“With photography, you zero in; you put a lot of energy into short moments, and then you go on to the next thing.”
– Robert Mapplethorpe
I caught the tail end of the small one-room exhibit Robert Mapplethorpe: XYZ at the Los Angeles County Museum of Art (LACMA). The exhibit was meant to preview a new initiative by LACMA in partnership with the Getty Center to assemble an exhaustive retrospective of the photographer’s work derived from the vast collection which has just been acquired by the two institutions from the Robert Mapplethorpe Foundation.
The exhibit focused on three specific bodies of work, the X, Y, and Z Portfolios, which provide an insightful snapshot of three of Mapplethorpe’s favorite subject matters: gay sadomasicism, flowers, and african american male nudes. Beyond representing a large swath of his work, the X Portfolio, featuring explicit homosexual activities, and the Z Portfolio, featuring black male nudes, challenged the conventions of fine art in America and figured into the Culture Wars of the 1980s.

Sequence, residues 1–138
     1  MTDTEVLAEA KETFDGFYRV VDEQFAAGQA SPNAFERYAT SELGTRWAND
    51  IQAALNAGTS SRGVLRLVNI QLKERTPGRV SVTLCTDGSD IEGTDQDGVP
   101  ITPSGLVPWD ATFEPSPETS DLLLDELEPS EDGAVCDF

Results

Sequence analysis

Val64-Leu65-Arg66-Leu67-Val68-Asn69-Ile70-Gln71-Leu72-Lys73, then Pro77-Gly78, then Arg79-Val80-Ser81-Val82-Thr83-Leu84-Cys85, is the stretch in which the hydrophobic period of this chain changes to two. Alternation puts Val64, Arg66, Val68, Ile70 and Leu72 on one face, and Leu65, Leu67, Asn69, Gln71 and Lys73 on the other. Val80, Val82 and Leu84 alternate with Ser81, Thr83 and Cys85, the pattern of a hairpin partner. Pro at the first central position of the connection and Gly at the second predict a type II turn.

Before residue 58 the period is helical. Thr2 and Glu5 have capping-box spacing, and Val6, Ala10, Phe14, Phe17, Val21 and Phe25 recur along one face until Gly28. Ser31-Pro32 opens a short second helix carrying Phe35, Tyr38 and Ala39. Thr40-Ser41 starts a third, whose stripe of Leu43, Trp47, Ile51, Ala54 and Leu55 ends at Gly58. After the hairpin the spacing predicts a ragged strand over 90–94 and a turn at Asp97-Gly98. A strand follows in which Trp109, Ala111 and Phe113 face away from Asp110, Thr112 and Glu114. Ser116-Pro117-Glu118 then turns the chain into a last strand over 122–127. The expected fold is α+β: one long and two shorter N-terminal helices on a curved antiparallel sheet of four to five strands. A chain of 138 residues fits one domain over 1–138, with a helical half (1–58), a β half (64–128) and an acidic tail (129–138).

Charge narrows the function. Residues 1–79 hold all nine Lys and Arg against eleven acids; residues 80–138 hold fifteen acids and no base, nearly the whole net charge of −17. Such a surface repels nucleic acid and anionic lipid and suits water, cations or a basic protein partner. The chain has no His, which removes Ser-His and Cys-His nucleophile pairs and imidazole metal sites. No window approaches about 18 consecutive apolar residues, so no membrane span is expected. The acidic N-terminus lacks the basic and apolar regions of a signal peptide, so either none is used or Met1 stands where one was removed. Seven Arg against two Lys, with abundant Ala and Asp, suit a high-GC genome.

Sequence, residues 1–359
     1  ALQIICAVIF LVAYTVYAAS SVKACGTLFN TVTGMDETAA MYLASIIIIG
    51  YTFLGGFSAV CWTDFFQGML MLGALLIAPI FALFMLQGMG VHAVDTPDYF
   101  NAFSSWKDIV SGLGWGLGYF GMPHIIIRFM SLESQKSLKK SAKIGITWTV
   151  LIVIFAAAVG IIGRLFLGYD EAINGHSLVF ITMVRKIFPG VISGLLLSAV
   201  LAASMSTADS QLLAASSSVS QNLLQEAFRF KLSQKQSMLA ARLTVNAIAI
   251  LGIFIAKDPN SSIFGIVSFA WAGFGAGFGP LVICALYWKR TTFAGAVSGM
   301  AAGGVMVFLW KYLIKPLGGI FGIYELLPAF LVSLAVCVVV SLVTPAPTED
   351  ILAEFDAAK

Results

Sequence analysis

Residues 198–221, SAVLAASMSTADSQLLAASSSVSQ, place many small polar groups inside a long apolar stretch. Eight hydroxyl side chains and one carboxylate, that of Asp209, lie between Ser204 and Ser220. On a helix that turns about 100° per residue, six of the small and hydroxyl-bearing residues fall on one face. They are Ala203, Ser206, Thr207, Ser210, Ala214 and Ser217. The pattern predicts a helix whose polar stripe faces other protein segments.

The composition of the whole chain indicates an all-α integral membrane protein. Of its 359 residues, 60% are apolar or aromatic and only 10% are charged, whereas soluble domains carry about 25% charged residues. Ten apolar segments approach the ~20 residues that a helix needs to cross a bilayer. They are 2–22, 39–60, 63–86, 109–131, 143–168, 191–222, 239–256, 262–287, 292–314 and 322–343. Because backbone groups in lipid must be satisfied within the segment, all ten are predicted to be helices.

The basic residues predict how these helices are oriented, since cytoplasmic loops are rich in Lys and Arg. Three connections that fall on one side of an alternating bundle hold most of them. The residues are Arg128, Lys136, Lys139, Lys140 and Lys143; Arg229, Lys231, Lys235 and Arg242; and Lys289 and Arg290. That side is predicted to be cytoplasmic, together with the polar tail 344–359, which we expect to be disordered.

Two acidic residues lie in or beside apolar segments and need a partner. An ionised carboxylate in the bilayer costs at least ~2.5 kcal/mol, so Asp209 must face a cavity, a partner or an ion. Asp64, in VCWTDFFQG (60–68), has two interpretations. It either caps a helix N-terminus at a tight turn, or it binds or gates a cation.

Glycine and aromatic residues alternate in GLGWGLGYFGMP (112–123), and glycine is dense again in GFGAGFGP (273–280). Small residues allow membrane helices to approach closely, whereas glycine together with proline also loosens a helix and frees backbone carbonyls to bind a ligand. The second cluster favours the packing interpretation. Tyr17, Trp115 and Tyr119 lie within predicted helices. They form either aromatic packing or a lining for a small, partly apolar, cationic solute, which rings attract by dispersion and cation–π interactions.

This collection was exhibited in a small cube-like room on the second level of the Ahmanson Building along the main corridor in between the grand central pavilion of LACMA and the Art of the Americas and Hammer Buildings.
The gelatin silver prints, all of uniform dimensions and grayscale, were arranged horizontally along the blood red walls of the exhibit room from left to right: the X series started from the leftmost wall, followed by the Y series which began below the last few photos of the X series and continued to the next wall on which it was joined by the Y series.